- © 2013 Mineralogical Society of America
Fluid-rock interaction is important in a wide range of settings in the middle crust to the upper mantle. Fluids are liberated in the crust during prograde metamorphism in convergent-margin settings. At greater depth, devolatilization of subducting lithosphere plays a major role in global element cycling, metasomatic alteration of the mantle, and the genesis of arc magmas. Mafic magmas produced in these settings may stall in the lower crust and liberate volatiles that metasomatize surrounding rocks and trigger production of silicic magmas of crustal derivation. Mounting evidence points to an important role for metasomatic alteration by saline brines in the genesis of some lower-crustal granulite-facies metamorphic terranes.
Unlike shallow geothermal systems or low-grade metamorphic environments, there has been only limited progress in modeling the fluid-rock interaction that characterizes the deeper geologic systems enumerated above. Such phase-equilibrium models require as input the chemical potential, μi(1)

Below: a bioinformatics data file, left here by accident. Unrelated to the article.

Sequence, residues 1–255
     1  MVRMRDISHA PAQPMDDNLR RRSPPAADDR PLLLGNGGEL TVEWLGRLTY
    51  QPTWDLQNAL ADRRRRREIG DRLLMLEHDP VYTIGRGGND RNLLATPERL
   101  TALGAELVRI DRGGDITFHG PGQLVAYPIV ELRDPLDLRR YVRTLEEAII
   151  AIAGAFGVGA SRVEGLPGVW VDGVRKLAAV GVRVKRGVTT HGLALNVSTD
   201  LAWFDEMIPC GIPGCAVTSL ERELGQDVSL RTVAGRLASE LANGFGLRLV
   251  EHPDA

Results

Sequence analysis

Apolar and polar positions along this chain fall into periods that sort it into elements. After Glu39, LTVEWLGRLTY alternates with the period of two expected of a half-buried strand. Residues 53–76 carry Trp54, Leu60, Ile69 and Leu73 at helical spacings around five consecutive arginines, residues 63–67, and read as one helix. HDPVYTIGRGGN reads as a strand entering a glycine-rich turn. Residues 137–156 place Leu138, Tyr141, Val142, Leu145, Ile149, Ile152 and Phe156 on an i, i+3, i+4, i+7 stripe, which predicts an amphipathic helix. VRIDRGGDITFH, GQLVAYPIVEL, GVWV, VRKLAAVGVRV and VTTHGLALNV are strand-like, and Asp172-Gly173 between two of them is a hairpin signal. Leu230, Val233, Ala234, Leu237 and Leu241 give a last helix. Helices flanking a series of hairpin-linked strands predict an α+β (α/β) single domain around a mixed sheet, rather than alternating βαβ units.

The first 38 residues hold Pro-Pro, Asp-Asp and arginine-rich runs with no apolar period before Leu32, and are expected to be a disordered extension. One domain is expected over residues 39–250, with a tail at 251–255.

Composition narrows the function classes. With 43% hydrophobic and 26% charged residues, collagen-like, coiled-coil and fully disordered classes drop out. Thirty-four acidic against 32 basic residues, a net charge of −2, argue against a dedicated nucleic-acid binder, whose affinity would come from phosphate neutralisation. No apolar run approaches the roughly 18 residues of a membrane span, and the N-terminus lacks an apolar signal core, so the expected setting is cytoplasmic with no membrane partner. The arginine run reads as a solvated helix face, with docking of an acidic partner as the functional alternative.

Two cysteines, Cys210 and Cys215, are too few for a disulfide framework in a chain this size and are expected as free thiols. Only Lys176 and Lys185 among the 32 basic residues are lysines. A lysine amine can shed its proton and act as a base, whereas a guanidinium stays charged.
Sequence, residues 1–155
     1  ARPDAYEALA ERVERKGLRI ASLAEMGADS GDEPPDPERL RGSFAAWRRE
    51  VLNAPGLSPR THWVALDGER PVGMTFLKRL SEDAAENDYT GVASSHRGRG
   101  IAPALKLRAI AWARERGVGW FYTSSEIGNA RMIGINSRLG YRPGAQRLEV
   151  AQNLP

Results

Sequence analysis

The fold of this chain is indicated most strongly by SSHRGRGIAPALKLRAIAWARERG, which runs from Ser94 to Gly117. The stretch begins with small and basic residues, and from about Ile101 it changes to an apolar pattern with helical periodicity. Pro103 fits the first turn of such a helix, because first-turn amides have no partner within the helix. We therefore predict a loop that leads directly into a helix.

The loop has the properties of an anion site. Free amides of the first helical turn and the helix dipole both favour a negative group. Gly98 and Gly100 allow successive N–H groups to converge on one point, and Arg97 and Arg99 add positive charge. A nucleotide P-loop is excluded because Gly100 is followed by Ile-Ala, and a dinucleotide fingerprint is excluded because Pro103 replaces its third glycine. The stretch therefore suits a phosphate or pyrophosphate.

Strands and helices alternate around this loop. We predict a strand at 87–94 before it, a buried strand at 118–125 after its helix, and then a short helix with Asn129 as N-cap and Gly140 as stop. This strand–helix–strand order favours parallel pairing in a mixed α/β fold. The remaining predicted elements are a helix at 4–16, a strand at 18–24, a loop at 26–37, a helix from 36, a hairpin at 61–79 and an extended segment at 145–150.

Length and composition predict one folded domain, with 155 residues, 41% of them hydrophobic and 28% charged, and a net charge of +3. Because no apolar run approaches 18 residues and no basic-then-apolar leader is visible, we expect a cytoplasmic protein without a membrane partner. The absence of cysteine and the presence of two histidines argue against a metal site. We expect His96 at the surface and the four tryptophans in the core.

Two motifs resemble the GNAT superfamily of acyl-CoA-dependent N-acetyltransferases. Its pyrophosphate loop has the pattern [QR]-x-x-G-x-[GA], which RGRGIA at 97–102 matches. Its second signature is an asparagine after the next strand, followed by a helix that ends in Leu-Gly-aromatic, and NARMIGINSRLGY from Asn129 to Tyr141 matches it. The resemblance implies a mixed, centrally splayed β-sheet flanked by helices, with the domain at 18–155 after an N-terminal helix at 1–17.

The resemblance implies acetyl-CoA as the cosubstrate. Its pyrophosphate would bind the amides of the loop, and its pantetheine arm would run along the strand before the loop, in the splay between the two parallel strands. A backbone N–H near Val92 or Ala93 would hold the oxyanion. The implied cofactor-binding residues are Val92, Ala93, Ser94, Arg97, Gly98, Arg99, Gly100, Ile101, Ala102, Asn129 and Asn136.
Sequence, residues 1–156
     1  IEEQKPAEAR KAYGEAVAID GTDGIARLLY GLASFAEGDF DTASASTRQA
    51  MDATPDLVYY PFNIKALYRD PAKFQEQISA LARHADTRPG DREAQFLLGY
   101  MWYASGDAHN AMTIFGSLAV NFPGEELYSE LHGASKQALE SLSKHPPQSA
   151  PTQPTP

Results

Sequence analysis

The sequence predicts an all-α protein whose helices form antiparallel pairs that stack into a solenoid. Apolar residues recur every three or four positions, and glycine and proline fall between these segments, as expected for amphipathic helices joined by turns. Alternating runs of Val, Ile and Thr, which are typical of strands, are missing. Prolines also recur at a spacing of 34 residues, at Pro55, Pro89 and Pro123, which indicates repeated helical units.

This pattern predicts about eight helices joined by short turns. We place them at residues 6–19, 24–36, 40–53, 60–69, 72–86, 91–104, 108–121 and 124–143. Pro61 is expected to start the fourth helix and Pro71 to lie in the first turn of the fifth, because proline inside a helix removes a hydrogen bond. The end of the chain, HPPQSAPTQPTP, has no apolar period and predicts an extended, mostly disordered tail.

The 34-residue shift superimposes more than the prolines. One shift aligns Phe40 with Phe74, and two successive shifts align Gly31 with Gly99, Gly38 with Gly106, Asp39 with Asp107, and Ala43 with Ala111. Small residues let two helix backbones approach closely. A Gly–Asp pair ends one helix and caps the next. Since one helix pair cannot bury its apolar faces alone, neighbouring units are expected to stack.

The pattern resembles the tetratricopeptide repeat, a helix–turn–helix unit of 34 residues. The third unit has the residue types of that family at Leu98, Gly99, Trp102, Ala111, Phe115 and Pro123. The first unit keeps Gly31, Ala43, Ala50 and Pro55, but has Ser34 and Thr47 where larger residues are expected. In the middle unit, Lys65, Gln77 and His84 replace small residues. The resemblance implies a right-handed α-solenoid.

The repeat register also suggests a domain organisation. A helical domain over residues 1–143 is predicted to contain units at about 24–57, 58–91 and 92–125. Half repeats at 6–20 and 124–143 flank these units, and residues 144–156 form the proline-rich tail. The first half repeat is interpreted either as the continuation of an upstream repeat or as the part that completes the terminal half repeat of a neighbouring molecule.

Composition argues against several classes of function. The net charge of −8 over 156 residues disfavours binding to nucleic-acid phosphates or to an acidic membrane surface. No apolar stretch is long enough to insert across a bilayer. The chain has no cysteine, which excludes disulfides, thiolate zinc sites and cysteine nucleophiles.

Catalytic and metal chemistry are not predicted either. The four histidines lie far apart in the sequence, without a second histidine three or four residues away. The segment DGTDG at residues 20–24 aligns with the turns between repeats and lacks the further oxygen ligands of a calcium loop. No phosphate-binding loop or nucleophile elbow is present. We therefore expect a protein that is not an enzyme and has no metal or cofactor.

of the participating phases or species i, where Gi is the Gibbs free energy of i, ni is the number of moles of i, P is pressure, and T is temperature. At the P and T of interest,(2)
Where μ° is standard state chemical potential, a is activity, R is the gas constant, and T is absolute temperature.
It is challenging to quantify the right-hand terms in Equation (2) at P and T ranging from the middle crust to the upper mantle. This is chiefly because of (1) limitations in our quantitative knowledge of key properties of relevant solutes and H2O, and (2) uncertainty in how properly to model solute activities at the requisite conditions. As a consequence, aqueous geochemists have been discouraged from plying their trade in the numerous deep geologic systems in which fluid-rock interaction may play a major role in the Earth’s chemical and physical evolution. …